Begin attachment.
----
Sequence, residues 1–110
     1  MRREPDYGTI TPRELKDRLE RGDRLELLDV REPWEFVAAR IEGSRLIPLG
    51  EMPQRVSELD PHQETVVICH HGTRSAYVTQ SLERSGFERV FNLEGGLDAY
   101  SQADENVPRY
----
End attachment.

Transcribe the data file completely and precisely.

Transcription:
Sequence, residues 1–110
     1  MRREPDYGTI TPRELKDRLE RGDRLELLDV REPWEFVAAR IEGSRLIPLG
    51  EMPQRVSELD PHQETVVICH HGTRSAYVTQ SLERSGFERV FNLEGGLDAY
   101  SQADENVPRY